13 Soldier Letters, Light Cavalry Broadside, Albumen Photo & Family Archives +++ For Sale
A fantastic Civil War letter / Broadside / Albumen / Document Archives Grouping from on Family in Prattsburgh, Steuben County, New York *~*
Characteristics About Item number: 589-13
1. Item: 13 Original Soldier written letters, broadside, albumen photograph, Gem tin type photographs and family paperwork.
2. Condition of Item:Good condition with typical edge wear, couple letters are torn along folds, broadside has a tear and edge damage - please see image files.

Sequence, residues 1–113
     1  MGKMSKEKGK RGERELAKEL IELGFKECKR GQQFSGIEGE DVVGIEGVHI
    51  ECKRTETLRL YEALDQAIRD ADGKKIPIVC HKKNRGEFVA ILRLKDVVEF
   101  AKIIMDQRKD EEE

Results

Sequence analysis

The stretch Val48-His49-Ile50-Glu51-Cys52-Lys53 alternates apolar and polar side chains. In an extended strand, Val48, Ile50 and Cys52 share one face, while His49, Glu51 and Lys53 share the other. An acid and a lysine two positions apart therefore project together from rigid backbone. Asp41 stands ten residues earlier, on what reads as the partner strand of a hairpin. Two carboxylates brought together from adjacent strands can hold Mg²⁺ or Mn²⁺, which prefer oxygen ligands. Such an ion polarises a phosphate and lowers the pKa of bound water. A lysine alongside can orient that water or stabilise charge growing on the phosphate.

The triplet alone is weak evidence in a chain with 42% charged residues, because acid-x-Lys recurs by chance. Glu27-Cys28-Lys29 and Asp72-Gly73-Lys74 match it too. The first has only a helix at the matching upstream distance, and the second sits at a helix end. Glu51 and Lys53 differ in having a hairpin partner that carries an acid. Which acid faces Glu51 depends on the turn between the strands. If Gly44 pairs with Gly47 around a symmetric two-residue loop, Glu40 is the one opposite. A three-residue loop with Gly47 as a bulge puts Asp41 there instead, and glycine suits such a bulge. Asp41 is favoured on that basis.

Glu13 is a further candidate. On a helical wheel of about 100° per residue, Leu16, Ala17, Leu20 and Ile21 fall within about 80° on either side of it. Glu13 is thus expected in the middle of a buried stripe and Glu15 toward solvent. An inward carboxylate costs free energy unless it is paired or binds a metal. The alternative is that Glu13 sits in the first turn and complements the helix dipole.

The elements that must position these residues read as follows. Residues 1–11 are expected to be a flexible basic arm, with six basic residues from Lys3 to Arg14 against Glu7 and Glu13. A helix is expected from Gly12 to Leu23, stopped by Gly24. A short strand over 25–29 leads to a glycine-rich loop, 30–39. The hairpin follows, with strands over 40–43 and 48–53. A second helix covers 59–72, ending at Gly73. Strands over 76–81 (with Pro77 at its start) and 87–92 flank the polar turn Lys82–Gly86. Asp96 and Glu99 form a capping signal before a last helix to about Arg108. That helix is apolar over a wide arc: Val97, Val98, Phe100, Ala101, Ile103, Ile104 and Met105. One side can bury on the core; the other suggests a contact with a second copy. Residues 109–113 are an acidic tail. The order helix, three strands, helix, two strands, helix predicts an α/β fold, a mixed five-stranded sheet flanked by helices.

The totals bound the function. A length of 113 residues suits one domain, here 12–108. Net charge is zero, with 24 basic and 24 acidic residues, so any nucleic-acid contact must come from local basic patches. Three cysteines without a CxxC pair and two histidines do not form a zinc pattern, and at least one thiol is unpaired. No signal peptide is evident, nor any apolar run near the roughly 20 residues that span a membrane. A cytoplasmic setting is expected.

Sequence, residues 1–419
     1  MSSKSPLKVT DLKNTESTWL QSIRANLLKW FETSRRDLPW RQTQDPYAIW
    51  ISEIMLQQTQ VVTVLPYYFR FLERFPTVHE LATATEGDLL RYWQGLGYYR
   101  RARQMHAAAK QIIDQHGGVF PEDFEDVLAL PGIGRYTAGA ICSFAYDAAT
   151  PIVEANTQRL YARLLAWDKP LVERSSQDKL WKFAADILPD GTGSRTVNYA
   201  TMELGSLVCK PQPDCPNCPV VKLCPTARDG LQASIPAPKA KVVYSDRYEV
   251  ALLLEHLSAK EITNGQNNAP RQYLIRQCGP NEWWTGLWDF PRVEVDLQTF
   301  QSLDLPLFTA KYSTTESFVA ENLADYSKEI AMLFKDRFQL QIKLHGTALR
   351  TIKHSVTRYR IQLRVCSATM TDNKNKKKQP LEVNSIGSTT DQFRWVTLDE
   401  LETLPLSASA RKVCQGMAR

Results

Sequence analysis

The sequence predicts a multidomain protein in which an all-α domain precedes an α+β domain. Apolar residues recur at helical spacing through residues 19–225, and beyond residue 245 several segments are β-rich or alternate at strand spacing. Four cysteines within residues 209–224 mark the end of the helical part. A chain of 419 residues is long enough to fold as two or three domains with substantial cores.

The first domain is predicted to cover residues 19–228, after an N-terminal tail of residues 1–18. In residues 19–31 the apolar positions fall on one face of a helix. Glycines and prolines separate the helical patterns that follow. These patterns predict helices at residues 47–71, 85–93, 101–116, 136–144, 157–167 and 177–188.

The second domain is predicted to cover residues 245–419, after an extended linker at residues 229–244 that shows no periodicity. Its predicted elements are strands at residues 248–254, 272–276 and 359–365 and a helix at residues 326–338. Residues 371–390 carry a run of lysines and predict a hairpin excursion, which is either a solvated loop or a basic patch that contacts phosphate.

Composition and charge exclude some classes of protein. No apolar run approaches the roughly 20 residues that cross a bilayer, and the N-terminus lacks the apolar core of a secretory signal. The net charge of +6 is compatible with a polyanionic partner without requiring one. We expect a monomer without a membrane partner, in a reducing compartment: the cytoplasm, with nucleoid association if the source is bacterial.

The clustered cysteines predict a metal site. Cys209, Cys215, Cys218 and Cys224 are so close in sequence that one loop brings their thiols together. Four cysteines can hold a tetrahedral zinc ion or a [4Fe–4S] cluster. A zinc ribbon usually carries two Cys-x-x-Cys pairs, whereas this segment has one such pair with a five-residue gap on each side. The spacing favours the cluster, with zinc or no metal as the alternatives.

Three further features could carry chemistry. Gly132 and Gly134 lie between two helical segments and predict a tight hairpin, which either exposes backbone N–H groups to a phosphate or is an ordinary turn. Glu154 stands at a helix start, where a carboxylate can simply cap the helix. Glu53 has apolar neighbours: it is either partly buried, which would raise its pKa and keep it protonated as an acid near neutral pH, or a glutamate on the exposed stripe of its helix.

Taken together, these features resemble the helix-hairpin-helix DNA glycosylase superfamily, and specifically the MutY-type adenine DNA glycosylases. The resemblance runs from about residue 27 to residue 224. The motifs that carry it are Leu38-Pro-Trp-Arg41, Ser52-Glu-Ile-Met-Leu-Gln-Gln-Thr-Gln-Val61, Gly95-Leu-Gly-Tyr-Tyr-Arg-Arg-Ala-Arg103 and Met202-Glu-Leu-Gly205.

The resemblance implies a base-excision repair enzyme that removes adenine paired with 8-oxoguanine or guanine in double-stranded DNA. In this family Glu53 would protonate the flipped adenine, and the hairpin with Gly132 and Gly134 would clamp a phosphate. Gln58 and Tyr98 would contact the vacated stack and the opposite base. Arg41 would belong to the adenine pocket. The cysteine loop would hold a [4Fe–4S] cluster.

3. Other Information:A fantastic Civil War grouping consisting of 13 soldier written letters, a early war Light Cavalry Broadside, Albumen soldier image, 23 civilian family letters written between 1851-1884 & 10 pages of family tree history most vintage. There are 4 gem tin type photographs of family members (one might be a soldier) and there is an albumen glued to the back of the soldier albumen of a little girl. All items are original Vintage pieces. The soldiers letters: a) 2 page ink letter was written by Augustus Hinman 28th NY Inf. on Feb. 8, 1862, b) letter from Henry L. Mills 50th Engineers written on Oct 27, 1861 (3 pages), c) 3 letters from Hiram Payne Jr. 23rd NY Inf. Aug. 16, 1860 (3 pages) / Nov 13, 1861 (1 ½ pages) & July 2nd 1862 (6 pages), d) 4 letters from Carlton H. Lovell 35th NY Inf. / 14th NY Heavy Artillery dated July 17, 1861 (2 pages) / Aug 2, 1861 (4 Pages) / Aug 25 1861 (4 pages) & Oct 27 1861 (3 pages) and e) 4 written by Charles M. Carr 161st NY Infantry dated May 10, 1863 (4 pages) / June 22, 1863 ( 4 pages) / Aug 8, 1863 (4 pages) & Aug 27 1863 (3 pages) . For clarification I count letter pages as the front page is one etc. I believe Charles Carr is the immediate family member and the other soldiers were either cousins or friends. Charles died in the hospital at Baton Rouge. La. on 9/9/1863. Carlton H. Lovell who fought with the 35th Inf. and 14th NY Heavy arty was severely wounded at Cold Harbor in the right elbow on 6/2/64. The broadside which measures 9 3/16” x 11 11/16” reads “Wanted Immediately 45 Good Horsemen – the Subscriber having already obtained a number of men is very anxious to secure 45 more to make up the company. It is to be a light cavalry company and will be enlisted for three years or during the war … Charles M. Carr”. All four of the Carr letters have good content. Here are a couple lines from those letters: “Baton Rouge May 10, 1863 ….our gunboats commenced bombarding? Friday about noon and they have been firing for of the time……” June 22, 1863 Plains Sta. ….we are on our old business again…Picket guard we have been under the rebel ? for weeks and it has been one continous battle…we are camped on our first battlefield it is four miles from the fort……..New York will reset the draft. ……One ref of old troops can whip 10000 men… They will draft about 30000 more men and 200000 negro troops….we will drive the rebs off of the continant. The rebs have their last man in the field……” Baton Rouge La. Aug 27th 1863 …..I live on coffee and bread. I have coffee and bread for breakfast, bread and coffee for dinner and coffee and bread for supper…….”. A couple of the Calton H Lovell letters are very interesting. They talk a lot about the forts around Washington and there cannons etc. they also talk about the secessonest saluted our pickets guard by throwing a few cannon balls at them…..the boys of our regiment a new kind of gun called the Springfield rifled musket – not much better than the old muskets in my opinion………” Another from Falls Church Va. dated Oct 27, 1861 reads “Our regiment is on the line between our side and secesh we are employed as pickets and skirmishers. We came here the first of the month and occupy Falls Church and Munson Hill. Gen McClellan is having forts built near us …..I suppose we shall advance to Fairfax Court House or Centerville. It is thought here that we will not find the rebels in very strong force until we get to Manassas…….”. There is a great civilian letter that is dated 2/8/1863 that talks about the battle of Fredericksburgh “Nny and Forest have thus been present they were in the battle of Fredericksburgh – thirty of their company were killed – they escaped unhurt, Miner Hinman and James were drafted, James got a substitute – Miner was elected Captain by his company…….”. Really a great family achieves with Son’s, Cousins and Friends all doing their part to save the union. This archive has never been offered before and will prove to be an interesting research project. The family was from Prattsburgh in Steuben, County New York State. There are also copy record sheets on each of the soldiers giving personal service information.The Frank Leslie's paper is dated March 2, 1861 but is not in very good condition. I will be shipping the group in a priority box for safety.
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